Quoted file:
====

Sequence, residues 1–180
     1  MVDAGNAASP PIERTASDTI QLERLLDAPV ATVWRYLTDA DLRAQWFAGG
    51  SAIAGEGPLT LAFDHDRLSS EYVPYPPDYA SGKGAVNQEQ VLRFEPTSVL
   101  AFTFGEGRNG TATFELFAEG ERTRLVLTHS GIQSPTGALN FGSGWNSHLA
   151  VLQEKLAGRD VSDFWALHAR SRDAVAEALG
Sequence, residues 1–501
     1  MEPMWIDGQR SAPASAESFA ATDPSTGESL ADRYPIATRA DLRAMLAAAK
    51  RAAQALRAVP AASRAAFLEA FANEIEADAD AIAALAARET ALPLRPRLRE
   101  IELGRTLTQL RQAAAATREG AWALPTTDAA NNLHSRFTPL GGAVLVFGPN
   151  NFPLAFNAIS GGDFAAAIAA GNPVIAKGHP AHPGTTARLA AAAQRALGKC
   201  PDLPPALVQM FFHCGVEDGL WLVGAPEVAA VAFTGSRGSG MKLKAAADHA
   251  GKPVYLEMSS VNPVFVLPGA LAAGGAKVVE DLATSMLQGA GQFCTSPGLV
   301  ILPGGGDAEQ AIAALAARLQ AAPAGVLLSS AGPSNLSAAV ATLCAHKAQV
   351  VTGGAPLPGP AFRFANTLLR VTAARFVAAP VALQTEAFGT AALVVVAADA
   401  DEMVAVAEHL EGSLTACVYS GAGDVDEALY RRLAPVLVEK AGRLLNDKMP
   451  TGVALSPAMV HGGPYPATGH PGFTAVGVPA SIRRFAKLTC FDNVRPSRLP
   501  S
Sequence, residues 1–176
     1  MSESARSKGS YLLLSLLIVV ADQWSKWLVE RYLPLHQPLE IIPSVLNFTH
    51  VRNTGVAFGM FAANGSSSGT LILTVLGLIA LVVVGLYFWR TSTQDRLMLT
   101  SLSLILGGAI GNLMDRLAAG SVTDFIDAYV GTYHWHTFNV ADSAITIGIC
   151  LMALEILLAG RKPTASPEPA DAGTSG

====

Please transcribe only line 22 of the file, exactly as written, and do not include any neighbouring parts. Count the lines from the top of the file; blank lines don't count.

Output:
   151  LMALEILLAG RKPTASPEPA DAGTSG